Of all the protest signs at all the rallies where people gathered last year to object to Washington's plans to save the US economy and reform healthcare, this hand-lettered one is memorable: "You can't fix stupid, but you can vote it out." That's the "tea party" movement in a nutshell. Here's a look at the tea party movement – its birth, its leadership, and its aspirations.
On 'Meet the Press,' Mitt Romney said one part of Obamacare he'd like to preserve is coverage for those with preexisting conditions. But 'continuous coverage' is key, his campaign stated later.
Conservative groups had been worried that House Speaker John Boehner would agree to some tax increases in a deal to trim deficits and raise the debt ceiling.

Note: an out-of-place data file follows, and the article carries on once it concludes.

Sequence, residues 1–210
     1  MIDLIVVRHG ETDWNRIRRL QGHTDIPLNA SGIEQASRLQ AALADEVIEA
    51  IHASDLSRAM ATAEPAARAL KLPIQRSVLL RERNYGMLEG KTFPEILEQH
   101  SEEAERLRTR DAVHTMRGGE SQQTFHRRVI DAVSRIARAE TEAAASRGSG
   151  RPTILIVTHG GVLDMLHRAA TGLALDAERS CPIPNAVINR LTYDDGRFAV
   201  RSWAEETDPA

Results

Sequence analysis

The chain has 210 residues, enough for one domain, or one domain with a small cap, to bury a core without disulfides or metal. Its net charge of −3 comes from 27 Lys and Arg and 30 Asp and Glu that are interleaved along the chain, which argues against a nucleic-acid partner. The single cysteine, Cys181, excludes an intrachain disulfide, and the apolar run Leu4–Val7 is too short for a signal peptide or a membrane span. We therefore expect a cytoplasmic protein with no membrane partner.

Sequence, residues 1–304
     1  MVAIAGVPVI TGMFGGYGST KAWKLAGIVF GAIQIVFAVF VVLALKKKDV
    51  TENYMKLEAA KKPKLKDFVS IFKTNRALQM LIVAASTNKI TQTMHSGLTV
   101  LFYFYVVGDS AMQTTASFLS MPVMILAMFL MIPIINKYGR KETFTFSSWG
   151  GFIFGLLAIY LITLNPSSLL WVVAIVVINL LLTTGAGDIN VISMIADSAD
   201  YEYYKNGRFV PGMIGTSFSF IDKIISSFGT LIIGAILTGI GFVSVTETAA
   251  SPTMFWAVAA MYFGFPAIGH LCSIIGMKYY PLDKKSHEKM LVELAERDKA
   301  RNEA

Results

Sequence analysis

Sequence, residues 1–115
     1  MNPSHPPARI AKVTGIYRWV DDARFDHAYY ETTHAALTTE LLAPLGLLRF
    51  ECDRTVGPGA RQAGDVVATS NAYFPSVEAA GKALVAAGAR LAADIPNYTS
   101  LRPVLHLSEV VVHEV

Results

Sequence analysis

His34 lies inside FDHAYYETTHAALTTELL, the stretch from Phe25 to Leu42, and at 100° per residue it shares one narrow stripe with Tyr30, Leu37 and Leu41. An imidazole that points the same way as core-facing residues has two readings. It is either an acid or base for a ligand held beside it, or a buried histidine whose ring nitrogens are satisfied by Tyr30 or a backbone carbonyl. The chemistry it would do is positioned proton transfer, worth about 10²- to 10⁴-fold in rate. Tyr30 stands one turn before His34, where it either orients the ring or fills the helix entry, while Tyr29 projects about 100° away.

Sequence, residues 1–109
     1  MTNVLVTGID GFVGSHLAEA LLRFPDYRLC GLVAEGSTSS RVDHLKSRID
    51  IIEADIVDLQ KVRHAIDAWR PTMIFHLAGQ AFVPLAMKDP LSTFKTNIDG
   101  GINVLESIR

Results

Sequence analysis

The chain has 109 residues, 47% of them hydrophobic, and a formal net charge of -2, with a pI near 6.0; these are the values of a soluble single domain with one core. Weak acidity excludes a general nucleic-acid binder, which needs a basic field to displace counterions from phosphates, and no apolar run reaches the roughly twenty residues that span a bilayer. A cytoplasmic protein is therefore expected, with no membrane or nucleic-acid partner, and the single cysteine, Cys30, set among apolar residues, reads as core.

Democrats say they're close to a compromise deal to avoid a government shutdown that includes $73 billion in cuts. Republicans say the plan cuts only $33 billion, and it's not enough.
Tea party activists are also calling for the defunding of Obama's health-care reform. Without a new budget compromise, the government shuts down April 8.
Bending to party conservatives – notably tea partiers – House GOP leaders propose steep cuts in many popular programs for the rest of the fiscal year. Will it lead to a government shut-down?
Tea party-backed GOP freshmen are eyeing the Pentagon – which remains the largest single spender of government dollars. Do they have the clout to target even cherished GOP priorities?